We love going out to eat. What's not to love? The atmosphere, the music, the company, and the good food are all reasons enough on their own to hit up a restaurant. Once the appetizers have been served and you're a few drinks in, you may want to consider something else, though. The germs you're coming into contact with from the time you enter to the time you leave can be pretty substantial. We've got the top germiest places in restaurants so you can be more aware.
What gives with this one? It's not like people are sneezing onto the shakers... right? Well, these helpful tools can still host tons of bacteria. Dr. Charles Gerba, a University of Arizona microbiologist told ABC that germs love to live on the tops of pepper shakers. "Sometimes pepper can have a large number of bacteria in general. Bacteria do like pepper. There's stuff to grow there, so probably - maybe pepper's used more?" Not to mention, when was the last time you saw a restaurant wash their shakers? Time to start bringing packets from home...
This one sounds weird right off the bat, but studies discovered that lemon slice and wedges do possess germs. One paper found that 70 percent of the lemon slices they collected from 21 restaurants had some sort of microbial growth on it. The authors mentioned it's hard to pinpoint where the germs come from, but it could be from cross-contamination when employees touch raw food and then the lemon wedges or don't wash their hands before coming out of the bathroom. Maybe it's best to skip out on the lemon.
This one should be a no-brainer. E.Coli and other bacteria can survive being hand-washed or going through a cycle in the dishwasher. Women's Magazine spoke with Donna Duberg, assistant professor of Clinical Laboratory Science at Saint Louis University, who told them that norovirus particles survived both methods of washing and can spread really quickly. She added, though, that it's okay if not everything is removed when washing; enough of the particles are, which means they're not dangerous. "What we're doing is trying to reduce the number of germs to a level that our bodies can handle---one we can clear with our defense system," she said.
We've seen busboys scrub down the tables before we sit down, but there's still the issue of what they're cleaning it with. That dirty cloth or rag has made its rounds and now it's making its way to our table. It might seem gross, but Chauncy Williams, sanitarian supervisor for the city of Dallas told Dallas News that sanitarians are constantly ensuring cleaning methods are up to code. "That's all checked any time we're out there doing an inspection. It may appear dirty, but there is a requirement that that wiping cloth is clean," he said.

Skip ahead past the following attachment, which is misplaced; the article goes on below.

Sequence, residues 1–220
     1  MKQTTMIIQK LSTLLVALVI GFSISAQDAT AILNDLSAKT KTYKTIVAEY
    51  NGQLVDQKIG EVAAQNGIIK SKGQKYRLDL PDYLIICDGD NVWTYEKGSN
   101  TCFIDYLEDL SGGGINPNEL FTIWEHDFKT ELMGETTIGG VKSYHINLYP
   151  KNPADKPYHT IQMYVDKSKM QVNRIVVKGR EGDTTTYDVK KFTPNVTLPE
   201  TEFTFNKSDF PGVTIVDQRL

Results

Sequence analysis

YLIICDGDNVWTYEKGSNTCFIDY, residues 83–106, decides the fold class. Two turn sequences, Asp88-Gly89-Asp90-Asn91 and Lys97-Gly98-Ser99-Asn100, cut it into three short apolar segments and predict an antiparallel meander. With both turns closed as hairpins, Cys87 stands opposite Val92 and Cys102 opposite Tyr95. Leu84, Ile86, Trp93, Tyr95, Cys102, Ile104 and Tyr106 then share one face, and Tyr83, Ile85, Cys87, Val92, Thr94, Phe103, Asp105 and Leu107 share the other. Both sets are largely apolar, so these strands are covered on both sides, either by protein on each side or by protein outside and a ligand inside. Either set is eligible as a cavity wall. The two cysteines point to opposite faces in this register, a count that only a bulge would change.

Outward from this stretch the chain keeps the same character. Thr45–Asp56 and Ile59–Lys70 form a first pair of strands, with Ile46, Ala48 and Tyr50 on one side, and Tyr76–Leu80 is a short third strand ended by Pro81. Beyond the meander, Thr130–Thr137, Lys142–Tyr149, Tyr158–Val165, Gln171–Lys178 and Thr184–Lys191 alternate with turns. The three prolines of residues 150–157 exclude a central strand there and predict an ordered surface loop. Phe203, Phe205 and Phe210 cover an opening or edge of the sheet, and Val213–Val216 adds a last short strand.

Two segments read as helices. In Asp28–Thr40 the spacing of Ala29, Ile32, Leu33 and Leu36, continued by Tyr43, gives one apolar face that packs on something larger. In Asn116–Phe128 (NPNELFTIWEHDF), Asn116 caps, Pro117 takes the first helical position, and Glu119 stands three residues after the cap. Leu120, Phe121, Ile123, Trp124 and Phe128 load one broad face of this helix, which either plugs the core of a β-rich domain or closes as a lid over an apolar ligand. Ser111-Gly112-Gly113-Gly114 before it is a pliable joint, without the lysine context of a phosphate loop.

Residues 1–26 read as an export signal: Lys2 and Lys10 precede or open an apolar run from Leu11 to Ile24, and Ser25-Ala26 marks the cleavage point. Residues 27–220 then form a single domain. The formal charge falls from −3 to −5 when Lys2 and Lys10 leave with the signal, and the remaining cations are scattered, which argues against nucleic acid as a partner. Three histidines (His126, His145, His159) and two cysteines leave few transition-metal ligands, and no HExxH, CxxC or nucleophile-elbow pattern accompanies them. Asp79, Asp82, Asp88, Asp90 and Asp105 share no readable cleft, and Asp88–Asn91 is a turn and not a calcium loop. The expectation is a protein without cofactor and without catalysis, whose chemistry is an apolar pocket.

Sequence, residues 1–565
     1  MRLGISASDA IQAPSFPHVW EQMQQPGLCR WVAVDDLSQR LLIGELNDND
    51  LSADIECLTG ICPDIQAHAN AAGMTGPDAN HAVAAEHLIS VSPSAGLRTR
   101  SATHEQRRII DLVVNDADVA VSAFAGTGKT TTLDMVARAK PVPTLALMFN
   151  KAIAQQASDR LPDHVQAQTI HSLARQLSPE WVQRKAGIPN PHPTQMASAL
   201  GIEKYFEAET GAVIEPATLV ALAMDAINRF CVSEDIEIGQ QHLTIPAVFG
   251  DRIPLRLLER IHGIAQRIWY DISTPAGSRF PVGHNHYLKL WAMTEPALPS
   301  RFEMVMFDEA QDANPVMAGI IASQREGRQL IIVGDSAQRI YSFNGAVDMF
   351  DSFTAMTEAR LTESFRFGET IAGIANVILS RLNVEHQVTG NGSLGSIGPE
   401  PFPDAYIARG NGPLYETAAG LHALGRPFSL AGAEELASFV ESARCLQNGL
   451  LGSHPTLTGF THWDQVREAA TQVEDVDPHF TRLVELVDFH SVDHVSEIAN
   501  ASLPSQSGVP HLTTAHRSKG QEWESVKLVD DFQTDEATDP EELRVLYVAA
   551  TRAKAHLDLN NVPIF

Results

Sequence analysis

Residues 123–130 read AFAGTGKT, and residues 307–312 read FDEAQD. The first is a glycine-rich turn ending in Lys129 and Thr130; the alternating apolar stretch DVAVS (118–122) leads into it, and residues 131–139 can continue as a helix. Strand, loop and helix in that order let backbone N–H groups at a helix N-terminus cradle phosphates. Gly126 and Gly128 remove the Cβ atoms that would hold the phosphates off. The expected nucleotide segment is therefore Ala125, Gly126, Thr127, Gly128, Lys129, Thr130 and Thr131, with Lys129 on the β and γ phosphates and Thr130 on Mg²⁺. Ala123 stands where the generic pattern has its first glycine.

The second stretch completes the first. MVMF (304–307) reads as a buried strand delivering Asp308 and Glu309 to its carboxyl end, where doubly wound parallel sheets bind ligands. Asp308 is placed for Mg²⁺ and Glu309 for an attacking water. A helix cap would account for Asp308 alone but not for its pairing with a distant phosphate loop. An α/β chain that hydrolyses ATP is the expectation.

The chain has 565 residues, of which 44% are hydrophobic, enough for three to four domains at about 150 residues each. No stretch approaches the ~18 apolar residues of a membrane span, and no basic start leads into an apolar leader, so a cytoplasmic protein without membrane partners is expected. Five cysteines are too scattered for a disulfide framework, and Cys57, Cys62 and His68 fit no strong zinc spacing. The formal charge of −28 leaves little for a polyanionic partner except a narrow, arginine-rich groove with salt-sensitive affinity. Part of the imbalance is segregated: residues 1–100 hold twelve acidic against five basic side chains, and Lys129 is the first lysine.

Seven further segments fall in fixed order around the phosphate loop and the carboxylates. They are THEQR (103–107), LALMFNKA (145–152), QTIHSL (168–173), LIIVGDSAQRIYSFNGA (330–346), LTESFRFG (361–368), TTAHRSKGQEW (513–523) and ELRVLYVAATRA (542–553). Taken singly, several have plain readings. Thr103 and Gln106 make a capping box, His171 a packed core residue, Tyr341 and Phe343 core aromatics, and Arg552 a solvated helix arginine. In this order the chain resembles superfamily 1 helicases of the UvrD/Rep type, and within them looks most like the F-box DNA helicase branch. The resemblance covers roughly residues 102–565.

This really shouldn't surprise you either. Though they should, some restaurants rarely clean their menus despite all the people who handle them. Cleaning Maintenance and Management published an article stating that menus can be germier than a toilet seat. Per square centimeter, menus can have up to 185,000 bacteria present. Matt Morrison, communications director for Kaivac told them that customers should use hand sanitizer after touching the menu.
Top of the list is children's seats. Think about all the soiled diapers and germs kids bring with them anyway. Coming into contact with that before you eat is no good. Huffington Post reported that "tests carried out on high chairs in 30 restaurants found the amount of bacteria present averaged out at 147 per square metre - compared with eight per square metre on public toilets." You should aim to give any high chairs a rinse with a Clorox wipe before placing your kids inside.
Well, now you know. These are the dirtiest places in restaurants and while they're not enough to drive away consumers (and they shouldn't be), it might be worth packing some hand sanitizer with you before you go out.